For more than two decades, Dr. David Poplack, director of the Texas Children’s Cancer Center, and professor of pediatrics-hematology and oncology at Baylor College of Medicine, looked for a solution for childhood cancer survivors. How can they access their treatment information and also get tailored care plans that share details of conditions they could be at risk for?
“Health concerns for childhood cancer patients do not end when their cancer treatment is successfully completed, but it can be complicated for survivors and their physicians to keep up with healthcare recommendations,” said Poplack, a member of Baylor’s Dan L Duncan Comprehensive Cancer Center. “As outcomes in childhood cancer improve and more people survive, unfortunately many of them start to experience late effects of treatment.”
In 2008, Poplack, along with a team including Dr. Marc Horowitz, professor of pediatrics-hematology and oncology at Baylor and Texas Children’s Cancer Center and Dr. Michael Fordis, director of Baylor’s Center for Collaborative and Interactive Technologies, launched a free, web-based tool aimed at connecting childhood cancer survivors with vital health information called Passport For Care.
The Cancer Prevention and Research Institute of Texas (CPRIT) grant is currently supporting the Passport’s efforts to expand online and patient navigation services to survivors.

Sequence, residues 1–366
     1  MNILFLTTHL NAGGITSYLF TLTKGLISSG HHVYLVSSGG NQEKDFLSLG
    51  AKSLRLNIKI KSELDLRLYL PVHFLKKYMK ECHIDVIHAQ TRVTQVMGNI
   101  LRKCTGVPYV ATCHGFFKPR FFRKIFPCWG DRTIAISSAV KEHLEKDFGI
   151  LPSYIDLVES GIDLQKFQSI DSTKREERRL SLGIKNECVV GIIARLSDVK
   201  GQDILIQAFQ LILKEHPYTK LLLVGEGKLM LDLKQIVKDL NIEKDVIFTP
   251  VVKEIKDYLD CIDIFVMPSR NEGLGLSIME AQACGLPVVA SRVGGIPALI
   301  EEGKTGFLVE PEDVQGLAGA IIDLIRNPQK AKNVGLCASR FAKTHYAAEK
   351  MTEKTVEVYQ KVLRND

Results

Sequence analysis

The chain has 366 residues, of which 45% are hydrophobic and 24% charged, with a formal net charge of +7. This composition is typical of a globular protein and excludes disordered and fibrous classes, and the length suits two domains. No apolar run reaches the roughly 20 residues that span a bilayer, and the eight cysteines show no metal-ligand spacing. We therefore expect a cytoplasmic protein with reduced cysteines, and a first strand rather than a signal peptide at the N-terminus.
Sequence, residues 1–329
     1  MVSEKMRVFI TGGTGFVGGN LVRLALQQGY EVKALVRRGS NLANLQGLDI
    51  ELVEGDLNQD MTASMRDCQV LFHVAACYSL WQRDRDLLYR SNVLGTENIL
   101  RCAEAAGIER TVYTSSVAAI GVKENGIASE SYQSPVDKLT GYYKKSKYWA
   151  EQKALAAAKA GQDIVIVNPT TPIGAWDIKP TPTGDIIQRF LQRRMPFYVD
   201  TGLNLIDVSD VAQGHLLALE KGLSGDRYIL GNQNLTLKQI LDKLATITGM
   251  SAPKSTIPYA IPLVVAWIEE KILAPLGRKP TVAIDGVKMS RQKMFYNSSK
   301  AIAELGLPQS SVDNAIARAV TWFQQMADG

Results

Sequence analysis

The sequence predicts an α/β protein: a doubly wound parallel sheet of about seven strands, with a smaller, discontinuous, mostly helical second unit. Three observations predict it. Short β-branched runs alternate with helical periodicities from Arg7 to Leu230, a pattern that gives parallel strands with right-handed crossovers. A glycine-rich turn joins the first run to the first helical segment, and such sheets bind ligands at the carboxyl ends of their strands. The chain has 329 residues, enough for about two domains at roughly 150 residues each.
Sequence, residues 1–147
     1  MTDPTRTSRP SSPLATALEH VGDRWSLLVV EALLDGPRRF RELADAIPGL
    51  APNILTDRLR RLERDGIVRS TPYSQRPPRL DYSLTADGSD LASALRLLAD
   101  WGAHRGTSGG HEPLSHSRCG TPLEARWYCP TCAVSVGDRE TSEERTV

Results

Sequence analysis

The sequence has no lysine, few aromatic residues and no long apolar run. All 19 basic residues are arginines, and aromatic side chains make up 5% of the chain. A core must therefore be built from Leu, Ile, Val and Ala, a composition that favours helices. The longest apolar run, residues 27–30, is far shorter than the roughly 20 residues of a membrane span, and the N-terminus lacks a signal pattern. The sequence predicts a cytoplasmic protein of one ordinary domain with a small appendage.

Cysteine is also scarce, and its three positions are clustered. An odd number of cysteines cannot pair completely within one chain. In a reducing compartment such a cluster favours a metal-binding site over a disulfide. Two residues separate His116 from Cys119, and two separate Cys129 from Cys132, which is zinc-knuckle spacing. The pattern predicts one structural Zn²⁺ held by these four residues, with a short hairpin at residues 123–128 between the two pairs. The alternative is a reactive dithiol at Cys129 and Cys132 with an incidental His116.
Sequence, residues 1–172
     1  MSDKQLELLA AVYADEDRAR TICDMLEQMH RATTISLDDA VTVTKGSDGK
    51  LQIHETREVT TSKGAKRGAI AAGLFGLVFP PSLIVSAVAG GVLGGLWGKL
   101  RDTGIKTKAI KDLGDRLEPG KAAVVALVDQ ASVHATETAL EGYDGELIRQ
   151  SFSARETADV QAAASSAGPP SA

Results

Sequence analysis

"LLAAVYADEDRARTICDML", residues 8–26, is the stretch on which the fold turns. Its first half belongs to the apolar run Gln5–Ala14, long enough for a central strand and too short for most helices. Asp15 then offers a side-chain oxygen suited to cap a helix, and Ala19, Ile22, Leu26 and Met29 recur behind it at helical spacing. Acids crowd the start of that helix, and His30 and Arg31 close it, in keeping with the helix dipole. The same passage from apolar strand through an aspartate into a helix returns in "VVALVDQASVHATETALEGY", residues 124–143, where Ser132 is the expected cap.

Passport For Care allows survivors to access their individualized treatment history and see tailored recommendations for screenings and preventative health measures based on the latest follow up guidelines for survivors from the Children’s Oncology Group.
“We developed Passport For Care to translate the complex follow-up guidelines into a user-friendly, tailored care plan,” he said.
Poplack sees Passport For Care as a powerful tool to help foster conversations between doctors and their patients, especially those who are no longer regularly seeing an oncologist.
“Our tool takes a patient’s individual physician, internist, general practitioner or family doctor and instantly can turn these doctors into survivorship experts,” Poplack said. “It helps show patients what they may be susceptible to and what they could be at risk for as a result of their cancer or treatment.”
-By Allison Mickey